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- American politician
To the editor: Los Angele City Councilman Mark Ridley-Thomas is entitled to the presumption of innocence until proven guilty, just as much as we all are so entitled. It is one thing for a federal grand jury to bring an indictment; it is quite another matter to have a jury arrive at a guilty verdict.
The Times Editorial Board's argument that Ridley-Thomas should resign the position to which he was elected, because "it's hard to see how he could continue serving on the City Council effectively and without being a disruptive influence," is weak.
No one denies that Ridley-Thomas is a formidable and able public servant. The potential good he could accomplish for the people of Los Angeles and his district far outweighs any "disruption" this indictment may cause.
I regret I did not make similar public comment regarding Councilman Jose Huizar after he was indicted last year, but just because I made the mistake of staying silent once doesn't compel me to make it again. Let Ridley-Thomas stay on the job to which he was elected, and let him and his lawyers make their case in court.
Rick Tuttle, Culver City
The writer was city controller of Los Angeles from 1985-2001.
To the editor: There is no doubt that Ridley-Thomas has been a valuable leader in the Black community in Los Angeles. But I wonder if those community leaders who are now voicing strong support for him have actually read the indictment.
Ridley-Thomas, as a county supervisor, and Marilyn Flynn, a top USC leader, are accused of taking official actions and spending taxpayer money to benefit each other; in Ridley-Thomas' case, those benefits are alleged to have accrued mainly to his son.
Both of the accused deserve their day in court, but it is unseemly and unwise for L.A.'s Black leaders to trip over themselves to show support for Ridley-Thomas despite what appears on its face to be a damning accusation.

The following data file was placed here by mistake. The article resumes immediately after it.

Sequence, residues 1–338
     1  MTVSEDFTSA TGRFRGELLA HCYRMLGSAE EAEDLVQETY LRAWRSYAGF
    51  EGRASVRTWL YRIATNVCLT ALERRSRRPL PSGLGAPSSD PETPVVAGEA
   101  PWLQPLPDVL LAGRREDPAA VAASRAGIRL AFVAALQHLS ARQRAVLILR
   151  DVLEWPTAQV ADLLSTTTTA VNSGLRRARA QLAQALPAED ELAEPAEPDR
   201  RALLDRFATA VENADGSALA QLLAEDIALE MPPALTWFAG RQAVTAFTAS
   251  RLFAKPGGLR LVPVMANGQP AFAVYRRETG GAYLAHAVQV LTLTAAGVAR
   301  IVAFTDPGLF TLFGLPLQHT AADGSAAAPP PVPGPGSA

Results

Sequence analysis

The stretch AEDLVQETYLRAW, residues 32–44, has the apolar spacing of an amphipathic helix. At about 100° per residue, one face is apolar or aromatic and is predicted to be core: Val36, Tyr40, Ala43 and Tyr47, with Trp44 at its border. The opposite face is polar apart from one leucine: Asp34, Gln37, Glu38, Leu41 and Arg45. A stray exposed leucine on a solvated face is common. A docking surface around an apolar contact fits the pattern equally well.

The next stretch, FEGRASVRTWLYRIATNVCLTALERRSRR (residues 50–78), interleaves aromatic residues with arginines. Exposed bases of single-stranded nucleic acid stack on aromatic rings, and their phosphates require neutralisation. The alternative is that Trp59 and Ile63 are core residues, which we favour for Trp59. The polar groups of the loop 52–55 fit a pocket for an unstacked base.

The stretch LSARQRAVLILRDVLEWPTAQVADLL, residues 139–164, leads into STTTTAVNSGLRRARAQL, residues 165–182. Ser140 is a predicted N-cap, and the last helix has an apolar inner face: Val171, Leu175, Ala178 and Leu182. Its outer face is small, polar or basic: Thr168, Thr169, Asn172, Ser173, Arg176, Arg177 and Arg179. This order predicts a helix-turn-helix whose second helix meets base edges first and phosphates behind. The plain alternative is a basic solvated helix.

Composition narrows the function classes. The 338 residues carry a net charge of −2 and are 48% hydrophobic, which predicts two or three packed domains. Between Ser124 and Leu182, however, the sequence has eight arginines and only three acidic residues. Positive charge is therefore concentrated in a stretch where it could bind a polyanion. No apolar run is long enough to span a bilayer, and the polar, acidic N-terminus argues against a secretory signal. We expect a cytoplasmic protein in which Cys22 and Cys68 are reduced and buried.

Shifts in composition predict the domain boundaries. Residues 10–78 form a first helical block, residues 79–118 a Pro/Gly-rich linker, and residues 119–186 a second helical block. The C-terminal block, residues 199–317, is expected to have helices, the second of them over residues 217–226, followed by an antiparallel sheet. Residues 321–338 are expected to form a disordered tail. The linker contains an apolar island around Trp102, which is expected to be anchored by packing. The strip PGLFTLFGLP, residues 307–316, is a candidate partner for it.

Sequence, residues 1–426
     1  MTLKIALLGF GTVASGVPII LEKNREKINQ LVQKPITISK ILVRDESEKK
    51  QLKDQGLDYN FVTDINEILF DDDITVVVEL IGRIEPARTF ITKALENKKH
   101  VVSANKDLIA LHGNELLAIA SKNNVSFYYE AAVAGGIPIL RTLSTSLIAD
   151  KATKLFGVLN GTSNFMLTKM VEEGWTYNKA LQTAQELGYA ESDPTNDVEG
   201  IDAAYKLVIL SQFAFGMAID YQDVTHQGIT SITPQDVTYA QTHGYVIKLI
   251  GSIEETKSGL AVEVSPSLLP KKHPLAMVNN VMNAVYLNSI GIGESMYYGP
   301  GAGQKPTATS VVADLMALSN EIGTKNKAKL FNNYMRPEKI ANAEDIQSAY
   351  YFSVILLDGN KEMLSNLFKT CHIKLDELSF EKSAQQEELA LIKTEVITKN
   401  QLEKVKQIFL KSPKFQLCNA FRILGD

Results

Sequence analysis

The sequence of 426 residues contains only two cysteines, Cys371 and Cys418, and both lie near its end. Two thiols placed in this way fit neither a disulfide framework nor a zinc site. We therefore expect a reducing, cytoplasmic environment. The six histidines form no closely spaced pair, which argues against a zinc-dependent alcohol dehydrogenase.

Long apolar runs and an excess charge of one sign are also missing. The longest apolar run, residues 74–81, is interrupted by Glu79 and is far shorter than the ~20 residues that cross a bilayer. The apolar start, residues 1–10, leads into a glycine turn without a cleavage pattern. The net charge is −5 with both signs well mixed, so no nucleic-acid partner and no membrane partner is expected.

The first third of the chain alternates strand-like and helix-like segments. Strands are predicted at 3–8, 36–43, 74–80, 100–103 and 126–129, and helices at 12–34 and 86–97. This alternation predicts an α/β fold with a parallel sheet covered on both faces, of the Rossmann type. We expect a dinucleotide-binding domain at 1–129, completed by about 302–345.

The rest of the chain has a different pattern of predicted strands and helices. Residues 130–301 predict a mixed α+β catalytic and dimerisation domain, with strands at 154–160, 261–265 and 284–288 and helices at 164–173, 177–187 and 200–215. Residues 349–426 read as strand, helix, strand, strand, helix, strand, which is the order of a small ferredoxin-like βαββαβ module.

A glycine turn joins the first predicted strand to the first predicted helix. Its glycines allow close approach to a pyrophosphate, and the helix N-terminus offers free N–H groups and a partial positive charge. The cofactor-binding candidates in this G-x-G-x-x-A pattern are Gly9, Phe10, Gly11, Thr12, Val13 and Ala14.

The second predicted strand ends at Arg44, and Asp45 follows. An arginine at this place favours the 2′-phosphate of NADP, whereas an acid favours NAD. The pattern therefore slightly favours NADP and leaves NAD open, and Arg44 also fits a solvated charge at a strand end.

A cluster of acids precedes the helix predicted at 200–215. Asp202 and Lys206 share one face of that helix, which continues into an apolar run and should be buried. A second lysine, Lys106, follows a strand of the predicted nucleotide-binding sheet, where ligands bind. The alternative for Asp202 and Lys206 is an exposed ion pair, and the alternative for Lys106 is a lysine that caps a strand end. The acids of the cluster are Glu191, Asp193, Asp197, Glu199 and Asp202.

If you want to see former President Trump and his minions who gave us Jan. 6 brought to justice, you can't have it both ways. Right-wing leaders who royally screw up should be brought to justice. If Black politicians screw up, they should be too — no matter how brilliant they are, no matter what their policies are, no matter how effective they've been.
I am Black. I am progressive. I was born in L.A. and have lived here many years. I have watched Black politics in L.A. and California for years. It's time for the Black community here to demand better from its leaders.
Herbert Sample, Los Angeles
The writer was a journalist for 25 years who covered national and state politics throughout the country, including for the Sacramento Bee.
To the editor: The Times is dead wrong in calling for Ridley-Thomas to resign from the City Council.
I am a resident of the 10th District and have no desire to be left without representation in city government, particularly now as so many urgent issues are confronting our community. Homelessness, police reform and pandemic recovery are among the crises we face, along with the critical need for effective and equitable community development.
As The Times has long documented, these are all among the issues that Ridley-Thomas has addressed courageously and effectively during his long tenure in public service. Progress in the 10th District is underway and must not be interrupted.
Mary Lee, Los Angeles
To the editor: When I started college, I entered an incorrect birth year on my campus ID application which, if approved, would have allowed me to drink alcohol two years earlier than the legal age. I am sure the authorities had seen this trick before, and in short time my parents received a letter from the dean saying that I was being placed on probation.
My mother responded with a letter to the dean stating something along the lines of, "Do what you want to with her; she was not raised this way."
If the charges against Ridley-Thomas — that he misused county money to benefit his son, who had resigned amid scandal from the state Senate in 2017 — prove to be true, then I'll say this: Teaching children to deal with the consequences of their mistakes is loving them. Teaching them to get ahead by helping them cheat is not and, I suspect, more about the parents' needs than the children's.
Mary Weaver, Studio City
This story originally appeared in Los Angeles Times.